ACCESS TO BAGBY HOT SPRINGS
It is a short distance to the springs but one should nonetheless take all the precautions prudent for any hike in the woods.
Be prepared for urban problems at the parking lot and the springs. Don’t leave anything of value in your car. Break-ins are a regular occurrence. Things have improved significantly due to more on site presence. Please note that if you want to soak in the hot tubs, there is now a fee to do so. For more information on current fees, etc, please see the forest service page here.
It is not uncommon for people to be snowed in or stuck behind downed timber during the Winter. So, bring extra gas, food, and blankets.
Some of the Old Forest Service Cabins at Bagby Hot Springs
Bagby Hot Springs were named for Robert W. Bagby, a prospector and miner who frequented this part of the state. He lived between Molalla and Wilhoit. He died on October 8, 1927.1
BEYOND BAGBY HOT SPRINGS
Beyond the Springs usage drops off considerably as the trail climbs into the high country in the heart of the Bull of the Woods Wilderness. Trail conditions can be challenging in the interior where maintenance is seldom performed. There are large pockets of beautiful old growth to reward you for your efforts to reach this hidden gem.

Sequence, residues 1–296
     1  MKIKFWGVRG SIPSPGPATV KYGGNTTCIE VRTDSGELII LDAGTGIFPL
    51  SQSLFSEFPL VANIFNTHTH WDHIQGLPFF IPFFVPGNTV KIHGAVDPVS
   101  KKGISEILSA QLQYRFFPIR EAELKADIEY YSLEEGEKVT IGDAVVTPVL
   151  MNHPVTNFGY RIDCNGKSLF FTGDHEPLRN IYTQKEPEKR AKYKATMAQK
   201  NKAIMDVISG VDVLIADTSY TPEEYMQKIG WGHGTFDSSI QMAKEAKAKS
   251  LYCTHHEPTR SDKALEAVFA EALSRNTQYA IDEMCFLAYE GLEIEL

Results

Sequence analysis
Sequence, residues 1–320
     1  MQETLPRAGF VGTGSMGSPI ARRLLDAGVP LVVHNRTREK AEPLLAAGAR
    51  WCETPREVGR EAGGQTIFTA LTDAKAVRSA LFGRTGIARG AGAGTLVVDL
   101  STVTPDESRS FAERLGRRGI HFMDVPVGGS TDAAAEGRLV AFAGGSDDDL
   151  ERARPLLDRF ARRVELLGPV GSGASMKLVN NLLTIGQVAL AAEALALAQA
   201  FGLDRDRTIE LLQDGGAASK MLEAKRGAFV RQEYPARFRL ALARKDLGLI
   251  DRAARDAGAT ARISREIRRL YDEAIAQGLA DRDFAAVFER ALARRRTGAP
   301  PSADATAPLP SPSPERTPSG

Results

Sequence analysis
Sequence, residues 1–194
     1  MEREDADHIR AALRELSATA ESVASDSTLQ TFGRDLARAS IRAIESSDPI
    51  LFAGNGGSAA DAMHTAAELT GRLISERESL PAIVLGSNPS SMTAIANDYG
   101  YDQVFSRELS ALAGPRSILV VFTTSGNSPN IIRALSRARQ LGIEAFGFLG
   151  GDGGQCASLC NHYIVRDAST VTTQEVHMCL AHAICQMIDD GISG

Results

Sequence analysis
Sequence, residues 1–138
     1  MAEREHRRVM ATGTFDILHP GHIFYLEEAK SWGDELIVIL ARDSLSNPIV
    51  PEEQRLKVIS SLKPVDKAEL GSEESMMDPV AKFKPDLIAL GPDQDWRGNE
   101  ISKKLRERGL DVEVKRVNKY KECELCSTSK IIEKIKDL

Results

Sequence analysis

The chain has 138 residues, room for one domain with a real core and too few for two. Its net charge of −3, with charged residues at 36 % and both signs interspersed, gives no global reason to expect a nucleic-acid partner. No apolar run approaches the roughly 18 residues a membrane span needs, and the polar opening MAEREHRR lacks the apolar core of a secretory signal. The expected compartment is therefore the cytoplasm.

Silver King Lake
The spring indicated near the Whetstone Mountain Trail 546 junction is exceptionally faint and should not be relied upon.
The segment from the Whetstone Trail to the Twin Lakes Trail 573 is very brushy and the footing is poor. Use caution.
1Oregon Geographic Names, McArthur, Lewis.